Thunder and Lightning Very Very Powerful

This is a call to ALL cancer patients, survivors, former patients, caregivers…..EVERYONE, who has a desire to show the REALITY of the cancer experience. Sign up for the Thunderclap to take place on Sunday, 4 Feb (5 PM in the UK, Noon Eastern US, 9 AM Pacific US times). Tweet your experiences the hour after the Thunderclap, using #CancerRealityCheck.

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Remember it’s the amount of TWEETING and the amount of people RETWEETING your tweets that will get us noticed AND (this is important) ONLY use  on the tweets as this will help to trend – using any other hashtags will diffuse and dilute the message on the TRENDING board!

Any suggestions of cancer realities for your friends to tweet out are most welcome. Search the #BreastCancerRealityCheck for some ideas from 2016-17.  We look forward to reading some great tweets!

 

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This Is a Call to Action!

The group of tweeps behind would like your help in creating a tweet storm on World Cancer Day (Sunday, Feb 4, 2018)!

Background: If you are unfamiliar with , a short description:

The hashtag was suggested to be used on one day along with tweeted facts about the breast cancer experience that are generally not featured in the pink victory ads and feel-good stories featured in October (Breast Cancer Awareness Month). Things such as pictures of mastectomy results to offset the generally provocative and sexualized images used in BCAM ads for example. Or honest anecdotes about some of the lingering side effects of treatment which are generally not spoken of in the dominating narrative of “winning/beating/surviving”. Searching the tag on twitter can give a broader picture of some of the truly innovative tweets using this hashtag. For a broader more in-depth story, see Cancer Realities page.

Goal: We’d like to expand the reality checking to ALL cancers. Most cancer ads and feel-good news stories follow the general victory narrative similar to the BC format. It’s as if the pink ribbon narrative created a template—but so many of us with cancers of all kinds just cannot fit into it! Note the rash of think pieces that erupted after (American) Senator McCain was encouraged to “fight” his terminal brain cancer DX. The lack of knowledge and understanding about the realities of cancer on display stunned our community. Our goal is simple—change the cultural narrative and show what getting cancer is REALLY like—how it differs for each individual. (We are so NOT a monolith).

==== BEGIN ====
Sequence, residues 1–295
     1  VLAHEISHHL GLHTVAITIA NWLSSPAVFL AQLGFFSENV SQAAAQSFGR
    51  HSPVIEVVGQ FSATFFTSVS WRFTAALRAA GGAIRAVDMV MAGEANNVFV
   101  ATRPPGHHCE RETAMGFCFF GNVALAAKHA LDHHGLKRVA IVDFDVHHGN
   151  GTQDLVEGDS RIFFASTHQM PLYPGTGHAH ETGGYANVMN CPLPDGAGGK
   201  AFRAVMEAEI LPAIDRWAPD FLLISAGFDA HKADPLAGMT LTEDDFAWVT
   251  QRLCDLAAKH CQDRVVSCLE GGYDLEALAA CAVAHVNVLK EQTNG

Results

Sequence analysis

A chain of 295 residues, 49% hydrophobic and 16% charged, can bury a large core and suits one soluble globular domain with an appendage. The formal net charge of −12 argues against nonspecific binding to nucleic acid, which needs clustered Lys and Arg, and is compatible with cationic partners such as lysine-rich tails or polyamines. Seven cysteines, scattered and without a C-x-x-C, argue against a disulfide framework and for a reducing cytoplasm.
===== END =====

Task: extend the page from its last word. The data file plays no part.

Processes: Given our experience with , we’ve already established some of the groundwork. Here is what we did in October: we targeted the “fairy tale” angle that seems to be divorced from reality for many of us with breast cancer and set up a Thunderclap with this message: “Breast cancer stories are NEVER pink fairy tales. ~1,430 die per day. Tweet your truth!” We created a simple image that worked with our idea of reality—the burning ribbon. We opted to have the hour after the Thunderclap occured as the time we encouraged people to tweet the most in an effort to get the # trending. Of course we wanted the # used all the time—but if we tried to get as many people to tweet in that small concentrated time, in hopes of reaching the thousands of tweets needed to trend.

For our inaugural event we’ll create a tweet message to augment , or perhaps contrast, the smiling booklets in oncology office. ~8.2 million died worldwide in 2012, and most cancer deaths are from lung, liver, stomach, and bowel cancers (most recent stats from World Cancer Day) and we would like to drive that message home!

We need your help! What are some realities you’d like to share? Tweet your truth! Encourage others to do the same, and to spread the word of this event! We’ll set up a Thunderclap shortly, to take place on Sun, 4 Feb, 2018.

Remember it’s the amount of TWEETING and the amount of people RETWEETING your tweets that will get us noticed AND (this is important) ONLY use on the tweets as this will help to trend – using any other hashtags will diffuse and dilute the message on the TRENDING board! These are the bare bones of what is involved in getting the storm going. We encourage ideas to make this bigger and likely to get noticed—media coverage is desirable.

We look forward to working with you.

The Cancer Curmudgeon Versus Snow: A Saga

Followers of my Facebook page will know I occasionally post harangues about an impending snow event. From 2 inches to 18 inches, doesn’t matter—I WILL complain. It wasn’t always like that. So what changed? Oh, in case you are wondering what this has to do with cancer, or my experience, bear with me, you’ll see.

Ocean City, Maryland, The Pier

Once upon a time, this beach bum liked snow. A true Atlantic/beach girl/Southerner, I knew that a couple of inches would close the schools—thank goodness. Northerners will never know the utter relief that comes with the gamble & pay off of NOT writing your big paper because of a snow forecast, and having that pay off of one extra day, that “Schools are Closed” day, to finish the paper. #ProcrastinatorsUnite. (Like you didn’t know I am a big procrastinator, please, look at this blog.)